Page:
Supreme Leader Ayatollah Ali Khamenei said the main suspects behind the "crazy and hateful" making of the film were the American government and Zionism. "If American politicians are honest in their claims that they were not involved, they have to hold responsible those who committed this obscene crime ... and their financial supporters," the official IRNA news agency reported.
Israel: A few dozen members of the Islamic Movement in Israel held a nonviolent protest outside the US Embassy in Tel Aviv on Thursday.
Gaza City: The Hamas government's ministry of religious endowments called on the protesters gathered outside the legislative council building in Gaza City to "boycott American products."
The Minister called for new demonstrations to be held after Friday prayers.
Pakistan: Press TV reported that Pakistan's largest religious party, Jamaat-e-Islami, plans to hold peaceful demonstrations against the US over the anti-Islam movie. Jamaat-e-Islami chief Syed Munawar Hassan expressed support for peaceful protests against the blasphemous film.
Demonstrations are expected in Peshawar and Lahore.
Afghanistan: President Karzai postponed a trip to Norway today. The Norwegian Foreign Ministry said, "The reason is that the president, in light of the serious events in some Arab countries in the past day, sees a need to be in Afghanistan."
The Taliban issued a statement encouraging anti-US demonstrations on Friday.
Bangladesh: In Dhaka, about 1,000 people protested and threatened to step up their protests after they were blocked from approaching the US embassy. The protesters burned a US flag and demanded an immediate apology from the United States. "We will stage bigger protests over the issue and may also besiege the US Embassy," one leader said.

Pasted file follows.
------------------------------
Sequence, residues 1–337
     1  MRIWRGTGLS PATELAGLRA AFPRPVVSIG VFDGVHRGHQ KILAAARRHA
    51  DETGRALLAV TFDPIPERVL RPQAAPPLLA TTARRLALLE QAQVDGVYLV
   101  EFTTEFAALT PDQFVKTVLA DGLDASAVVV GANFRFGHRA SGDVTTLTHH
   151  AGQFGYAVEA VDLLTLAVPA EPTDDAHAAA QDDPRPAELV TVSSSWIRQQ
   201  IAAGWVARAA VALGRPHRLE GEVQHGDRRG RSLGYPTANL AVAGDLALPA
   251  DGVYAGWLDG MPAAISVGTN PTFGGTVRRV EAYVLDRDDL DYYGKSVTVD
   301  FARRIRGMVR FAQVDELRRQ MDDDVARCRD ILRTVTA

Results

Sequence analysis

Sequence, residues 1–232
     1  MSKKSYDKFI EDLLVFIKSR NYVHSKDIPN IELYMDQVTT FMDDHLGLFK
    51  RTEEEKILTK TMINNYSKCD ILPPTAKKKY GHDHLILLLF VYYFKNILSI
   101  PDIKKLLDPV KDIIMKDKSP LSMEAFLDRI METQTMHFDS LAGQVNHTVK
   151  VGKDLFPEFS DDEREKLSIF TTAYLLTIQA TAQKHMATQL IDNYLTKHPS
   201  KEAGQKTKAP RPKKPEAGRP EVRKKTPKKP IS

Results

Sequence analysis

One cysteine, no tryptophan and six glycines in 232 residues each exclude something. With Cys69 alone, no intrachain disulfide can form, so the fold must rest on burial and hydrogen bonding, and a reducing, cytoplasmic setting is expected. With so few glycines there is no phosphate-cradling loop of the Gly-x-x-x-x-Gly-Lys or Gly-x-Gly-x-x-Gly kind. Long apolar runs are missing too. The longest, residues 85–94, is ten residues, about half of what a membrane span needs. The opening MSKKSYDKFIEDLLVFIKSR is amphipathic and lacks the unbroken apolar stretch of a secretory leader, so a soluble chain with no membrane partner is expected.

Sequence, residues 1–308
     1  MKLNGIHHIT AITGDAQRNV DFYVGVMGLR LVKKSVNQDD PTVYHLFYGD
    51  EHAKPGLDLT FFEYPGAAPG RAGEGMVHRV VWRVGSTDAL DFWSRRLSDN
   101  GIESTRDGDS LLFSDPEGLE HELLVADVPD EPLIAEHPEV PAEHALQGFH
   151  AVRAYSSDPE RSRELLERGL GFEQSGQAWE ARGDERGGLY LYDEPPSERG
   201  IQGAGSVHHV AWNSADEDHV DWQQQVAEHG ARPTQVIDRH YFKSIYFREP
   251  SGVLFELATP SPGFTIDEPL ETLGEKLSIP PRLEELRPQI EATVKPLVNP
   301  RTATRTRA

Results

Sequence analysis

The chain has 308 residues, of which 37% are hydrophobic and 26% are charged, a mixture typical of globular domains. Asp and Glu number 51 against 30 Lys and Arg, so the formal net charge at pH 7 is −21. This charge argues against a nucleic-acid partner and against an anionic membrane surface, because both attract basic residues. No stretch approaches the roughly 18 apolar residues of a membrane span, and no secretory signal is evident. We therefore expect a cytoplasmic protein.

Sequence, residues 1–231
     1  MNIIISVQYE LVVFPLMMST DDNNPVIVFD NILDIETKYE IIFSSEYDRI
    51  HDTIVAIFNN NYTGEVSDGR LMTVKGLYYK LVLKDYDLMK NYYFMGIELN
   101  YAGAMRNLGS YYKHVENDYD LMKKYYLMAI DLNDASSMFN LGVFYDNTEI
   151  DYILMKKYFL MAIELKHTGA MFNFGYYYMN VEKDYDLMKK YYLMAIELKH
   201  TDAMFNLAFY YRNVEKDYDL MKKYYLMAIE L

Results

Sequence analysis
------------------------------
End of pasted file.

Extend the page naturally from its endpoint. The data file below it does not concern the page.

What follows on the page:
Police said security around the embassy had been tightened ahead of Friday, the day for weekly Muslim prayers when big crowds can gather.
Oman: A small non-violent protest occurred in Muscat.
Comment: More protests will occur in Muslim countries on Friday after prayers. Some might turn violent. This is a warning.
The number of governments and groups around the world that have expressed condolences to the US for the deaths in Benghazi is larger than the number of countries that have experienced protests. However, the number of governments that specifically have denounced the breaching of the US Embassy compound in Cairo is much smaller.
On the other hand, almost every country that experienced anti-US demonstrations also sent policy and security reinforcements to protect the US Embassy compounds and to control demonstrators on the day they first gathered. Most appear ready to protect US embassies after Friday prayers.
Several commentators have written articles that provide insights about the local dimensions to many of the protests. To summarize, in many countries, the religious nature of the protests has blended with local grievances against the government.
That explains, for example, the Egyptian Muslim Brotherhood's public statement and call to lead the next round of protests in Cairo. Egyptian Salafists -- strictly devout and sometimes militant Muslims - are challenging the Brotherhood for Islamic leadership. In Iraq, the Shiite cleric Sadr exploited the Muslim outrage over the anti-Muslim film to show the continued relevance and organizational capabilities of his movement. In Tunisia, Tunisian Salafists have demonstrated regularly, sometimes resulting in clashes with government security forces, over the direction of the state.
Demonstrations in Pakistan and Afghanistan over the anti-Muslim film also will serve to advance the political objectives of local political/religious parties and groups, including the Taliban, against the governments.